12 C.F.R. § 1024.35. RESPA also provides that a mortgage servicer “may, by written notice provided to a borrower, establish an address that a borrower must use” when submitting such a notice. 12 C.F.R. § 1024.35(c). However, the servicer must respond “not later than 30 days (excluding legal public holidays, Saturdays, and Sundays) after” receipt, 12 C.F.R. § 1024.35(e)(3)(i)(C), unless an “asserted error is substantially the same as an error previously asserted by the borrower for which the servicer has previously complied with its obligation to respond.” 12 C.F.R. § 1024.35(g)(1)(i). In the latter circumstance, the servicer need only inform the borrower that it will not reply to the duplicative notice within five days of making such a determination. 12 C.F.R. § 1024.35(g)(2).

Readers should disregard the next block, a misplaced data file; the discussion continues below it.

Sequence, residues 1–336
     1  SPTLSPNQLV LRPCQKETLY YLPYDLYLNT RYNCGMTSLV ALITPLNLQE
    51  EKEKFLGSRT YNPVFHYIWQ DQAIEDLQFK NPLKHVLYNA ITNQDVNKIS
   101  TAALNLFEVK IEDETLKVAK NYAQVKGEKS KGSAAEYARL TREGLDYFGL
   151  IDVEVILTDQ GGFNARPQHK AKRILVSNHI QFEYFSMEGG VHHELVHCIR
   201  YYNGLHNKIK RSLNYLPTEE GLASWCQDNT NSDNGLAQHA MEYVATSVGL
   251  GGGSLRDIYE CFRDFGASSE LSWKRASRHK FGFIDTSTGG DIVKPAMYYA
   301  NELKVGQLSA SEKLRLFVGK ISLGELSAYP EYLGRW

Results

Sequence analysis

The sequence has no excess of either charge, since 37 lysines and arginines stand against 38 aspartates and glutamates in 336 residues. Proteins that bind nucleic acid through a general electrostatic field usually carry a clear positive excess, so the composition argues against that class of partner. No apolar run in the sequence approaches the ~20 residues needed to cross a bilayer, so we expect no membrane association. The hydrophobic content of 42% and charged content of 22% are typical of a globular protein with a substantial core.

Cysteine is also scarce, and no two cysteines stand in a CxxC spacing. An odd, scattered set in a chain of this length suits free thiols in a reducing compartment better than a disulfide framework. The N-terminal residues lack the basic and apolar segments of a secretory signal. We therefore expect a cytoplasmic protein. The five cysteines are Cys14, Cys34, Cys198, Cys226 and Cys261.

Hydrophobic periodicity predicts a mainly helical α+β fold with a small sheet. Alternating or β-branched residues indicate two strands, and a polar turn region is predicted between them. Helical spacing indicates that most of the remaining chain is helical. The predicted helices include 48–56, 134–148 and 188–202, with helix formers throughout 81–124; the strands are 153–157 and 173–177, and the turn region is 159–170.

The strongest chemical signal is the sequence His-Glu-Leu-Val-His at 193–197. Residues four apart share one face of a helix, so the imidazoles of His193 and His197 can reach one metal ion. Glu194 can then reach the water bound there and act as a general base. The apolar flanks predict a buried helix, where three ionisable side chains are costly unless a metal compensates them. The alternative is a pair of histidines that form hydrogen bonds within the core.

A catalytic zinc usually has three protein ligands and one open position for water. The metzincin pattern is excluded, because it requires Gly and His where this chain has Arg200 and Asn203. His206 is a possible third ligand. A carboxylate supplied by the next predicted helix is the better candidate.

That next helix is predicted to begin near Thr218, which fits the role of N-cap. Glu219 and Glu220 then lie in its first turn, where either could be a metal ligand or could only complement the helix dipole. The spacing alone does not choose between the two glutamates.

In its prior Motion to Dismiss (Docket No. 15), and as previously noted by this Court (Docket No. 53 at 8), Rushmore made “no argument regarding its treatment of Plaintiff's notices of error.” Presently, Rushmore contends that Plaintiff's RESPA claim against it must be dismissed because Plaintiff did not send any error notices to the appropriate address designated pursuant to 12 C.F.R. § 1024.35(c).[2] (Docket No. 59 at 7 - 9). Whatever merits this argument may have, Rushmore may not assert it at this juncture. The Third Circuit Court of Appeals has held that the Federal Rules of Civil Procedure impose certain restrictions on the filing of successive motions to dismiss; namely, that a party that makes a motion under Rule 12 cannot make a subsequent motion under Rule 12 raising a defense or objection that could previously have been asserted. Leyse v. Bank of America Nat'l Ass'n, 804 F.3d 316, 320 (3d Cir. 2015) (citing Fed.R.Civ.P. 12(g)(2)). See also Oliver v. Roquet, -- F.3d --, 2017 WL 2260961, at *4 n. 3 (3d Cir. 2017) (A party, “with limited exceptions, ‘must not make another such motion raising a defense or objection that was available to the party but omitted from its earlier motion.'”); Dicio v. Wells Fargo Bank, N.A., 2015 WL 8276585, at *17 (W.D. Pa. Nov. 4, 2015) report and recommendation adopted, 2015 WL 8207486 (W.D. Pa. Dec. 7, 2015) (Fischer, J.) (In case in which a motion to dismiss was denied following the filing of an amended complaint, a subsequent motion to dismiss could not raise defenses not raised - although available - in the first motion.). As noted in Plaintiff's Response, “Plaintiff's Second Amended Complaint incorporates in its entirety and verbatim the same RESPA allegations made against Rushmore that were in the Amended Complaint.” (Docket No. 64 at 2). Rushmore has failed to provide any intervening justification for its failure to raise this argument in an identical prior pleading. Accordingly, the Court will not now consider it. Having raised no other objection to Plaintiff's RESPA claim, Rushmore's Motion to Dismiss will be denied as to Count I.